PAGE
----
Social Philosophy in a Bowl of Party Mix

Homemade party mix is a holiday tradition at my house. In case you don’t know, party mix is a snack food that involves mixing a bunch of delicious snack foods together in a big pan and then putting them in the oven, increasing their deliciousness by an order of magnitude. (Can you tell I know nothing about the dark arts of cooking?) You can buy pre-made party mix, but the real action is making your own. My mom’s party mix typically contains all three varieties of Chex, Cheerios, pretzels, Goldfish, and mixed nuts. It’s not really Christmas at our house until I smell party mix wafting through the halls.

The thing is, though… I love party mix more than anyone in the world, but I don’t like everything in it. In particular, I hate wheat Chex. If you listen to me eat party mix, it sounds something like “Nom, nom, nom, nom, ew wheat Chex, nom nom.” When I’m done with a bowl of party mix you can always tell because nothing remains except a small pile of wheat Chex.

It gets stranger. As far as I can tell, everyone likes party mix, but no one likes every single ingredient in the party mix. My sister joins me on my anti-wheat Chex crusade. My dad eats the wheat Chex but doesn’t like most of the nuts and won’t touch pretzels. Even my mom, who makes the stuff and is a big proponent of not wasting any of it, never sets aside an empty bowl. Everything in the party mix is liked by somebody, but not everything is liked by everybody.

I feel like I improved my outlook on life when I started thinking of it in those terms. I could campaign to have wheat Chex removed from the party mix recipe forever, but… other people like them, and why is my opinion any more valid than theirs? I feel like a lot of times, when people complain, they’re overlooking a simple fact: What you’re complaining about isn’t for you. You’re not the audience, at least not all of it. Some group of people requires or enjoys this thing you hate so much. To presume that your vision of what things should be is the only proper one is just that: Presumptuous.

Take tutorials in video games. A lot of veteran game players hate tutorials with a fiery passion — “I know what I’m supposed to be doing, or can easily figure it out. Why do I have to sit here and listen to the game talk down to me?” But the simple fact is that these veteran players are not the exclusive audience for games. Someone is playing these games for the first time, and they probably appreciate some direction on what to do and how. I needed tutorials when I was young, and I’m not going to begrudge the current generation theirs just because I no longer do. To assume that the only audience that matters is the one I currently belong to, and everyone else should just suck it up… well, that seems self-centered and self-destructive to me.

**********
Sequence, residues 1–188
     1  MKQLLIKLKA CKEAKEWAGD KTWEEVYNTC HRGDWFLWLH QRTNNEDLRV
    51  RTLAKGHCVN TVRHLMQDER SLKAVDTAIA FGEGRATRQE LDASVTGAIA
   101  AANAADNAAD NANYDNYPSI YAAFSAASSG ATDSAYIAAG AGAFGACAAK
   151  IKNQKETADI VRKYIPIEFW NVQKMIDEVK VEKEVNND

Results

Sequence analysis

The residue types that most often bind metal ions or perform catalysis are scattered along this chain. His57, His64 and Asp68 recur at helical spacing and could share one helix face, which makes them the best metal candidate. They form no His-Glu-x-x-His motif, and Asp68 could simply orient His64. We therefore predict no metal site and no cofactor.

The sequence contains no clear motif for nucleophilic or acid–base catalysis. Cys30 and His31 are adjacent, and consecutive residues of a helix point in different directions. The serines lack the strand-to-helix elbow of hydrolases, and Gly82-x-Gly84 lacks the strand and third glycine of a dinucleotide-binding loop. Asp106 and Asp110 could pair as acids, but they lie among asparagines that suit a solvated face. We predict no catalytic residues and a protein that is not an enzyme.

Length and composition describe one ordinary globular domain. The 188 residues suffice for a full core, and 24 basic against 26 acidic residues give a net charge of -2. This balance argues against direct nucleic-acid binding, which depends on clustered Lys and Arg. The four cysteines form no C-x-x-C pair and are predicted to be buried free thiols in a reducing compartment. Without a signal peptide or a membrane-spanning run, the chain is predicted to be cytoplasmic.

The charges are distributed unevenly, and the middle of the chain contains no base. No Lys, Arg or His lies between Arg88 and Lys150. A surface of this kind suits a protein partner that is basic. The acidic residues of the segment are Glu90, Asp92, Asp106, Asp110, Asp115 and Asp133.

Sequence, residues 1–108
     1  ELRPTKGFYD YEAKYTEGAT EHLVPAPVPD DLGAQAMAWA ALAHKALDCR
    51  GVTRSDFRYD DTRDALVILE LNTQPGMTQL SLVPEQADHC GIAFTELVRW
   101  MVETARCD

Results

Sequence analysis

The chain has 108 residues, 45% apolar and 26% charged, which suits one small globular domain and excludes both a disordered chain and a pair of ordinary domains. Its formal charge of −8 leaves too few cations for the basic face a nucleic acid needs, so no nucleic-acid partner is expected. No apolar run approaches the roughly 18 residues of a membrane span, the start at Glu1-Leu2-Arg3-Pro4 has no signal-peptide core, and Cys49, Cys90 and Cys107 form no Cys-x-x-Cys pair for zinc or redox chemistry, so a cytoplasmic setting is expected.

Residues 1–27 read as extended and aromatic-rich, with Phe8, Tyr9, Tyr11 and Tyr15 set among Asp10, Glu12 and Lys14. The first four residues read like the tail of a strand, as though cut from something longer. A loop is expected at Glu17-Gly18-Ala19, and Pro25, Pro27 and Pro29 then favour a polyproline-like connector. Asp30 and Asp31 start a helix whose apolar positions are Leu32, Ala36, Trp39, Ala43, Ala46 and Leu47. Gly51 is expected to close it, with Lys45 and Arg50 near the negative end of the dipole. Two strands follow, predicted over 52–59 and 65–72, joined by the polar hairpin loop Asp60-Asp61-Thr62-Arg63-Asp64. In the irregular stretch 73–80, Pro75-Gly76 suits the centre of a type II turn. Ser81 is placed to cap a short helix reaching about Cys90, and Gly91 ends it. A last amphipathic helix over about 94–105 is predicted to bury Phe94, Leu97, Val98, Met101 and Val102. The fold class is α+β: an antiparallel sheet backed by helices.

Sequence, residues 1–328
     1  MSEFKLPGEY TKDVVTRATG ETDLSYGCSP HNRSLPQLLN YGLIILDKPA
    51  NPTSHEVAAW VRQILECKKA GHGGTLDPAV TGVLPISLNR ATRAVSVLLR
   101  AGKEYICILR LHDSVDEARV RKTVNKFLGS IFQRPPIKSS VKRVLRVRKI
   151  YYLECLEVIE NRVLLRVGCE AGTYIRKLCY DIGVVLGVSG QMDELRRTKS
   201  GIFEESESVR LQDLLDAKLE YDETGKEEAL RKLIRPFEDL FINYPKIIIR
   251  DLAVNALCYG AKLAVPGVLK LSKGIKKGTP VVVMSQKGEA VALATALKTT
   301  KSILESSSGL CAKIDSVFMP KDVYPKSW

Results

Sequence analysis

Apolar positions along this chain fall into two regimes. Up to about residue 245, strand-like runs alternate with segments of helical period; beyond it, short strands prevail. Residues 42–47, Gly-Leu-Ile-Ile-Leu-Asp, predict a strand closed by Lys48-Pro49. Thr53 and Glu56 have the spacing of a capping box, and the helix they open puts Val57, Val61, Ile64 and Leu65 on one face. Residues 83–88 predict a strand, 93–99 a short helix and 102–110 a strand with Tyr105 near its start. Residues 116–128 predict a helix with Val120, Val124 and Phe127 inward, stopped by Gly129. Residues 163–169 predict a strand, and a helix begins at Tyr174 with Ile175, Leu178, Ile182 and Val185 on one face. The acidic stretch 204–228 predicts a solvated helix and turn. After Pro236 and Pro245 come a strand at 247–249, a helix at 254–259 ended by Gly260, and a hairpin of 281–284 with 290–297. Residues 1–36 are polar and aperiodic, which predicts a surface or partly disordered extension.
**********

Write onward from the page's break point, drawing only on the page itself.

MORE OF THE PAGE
You also get this kind of thing in baseball, where old-school fans rail against interleague or the designated hitter. “Baseball wasn’t like this when I was a kid, and we liked it just fine. Why does MLB persist with these things I don’t like?” Well, because someone does. Baseball serves more than one master — it isn’t and shouldn’t be the exclusive province of people who’ve been watching the game for thirty years. (Nor is it or should it be the province of people who watch one game a week, or only watch the playoffs, or don’t watch at all but play fantasy, or…)

As I grow older, this kind of attitude grates more and more. Generalizing wildly from your own experience — assuming you’re the baseline and any outliers are just deviants — is the height of arrogance. (My distaste for politics may have its root in this revelation.) I feel like I’ve become a better, more understanding person once I realized that and stopped judging people just because they weren’t approaching situations from the exact same angle I was.

Now, if you’ll excuse me, I think I’ll have some party mix. Want my wheat Chex?

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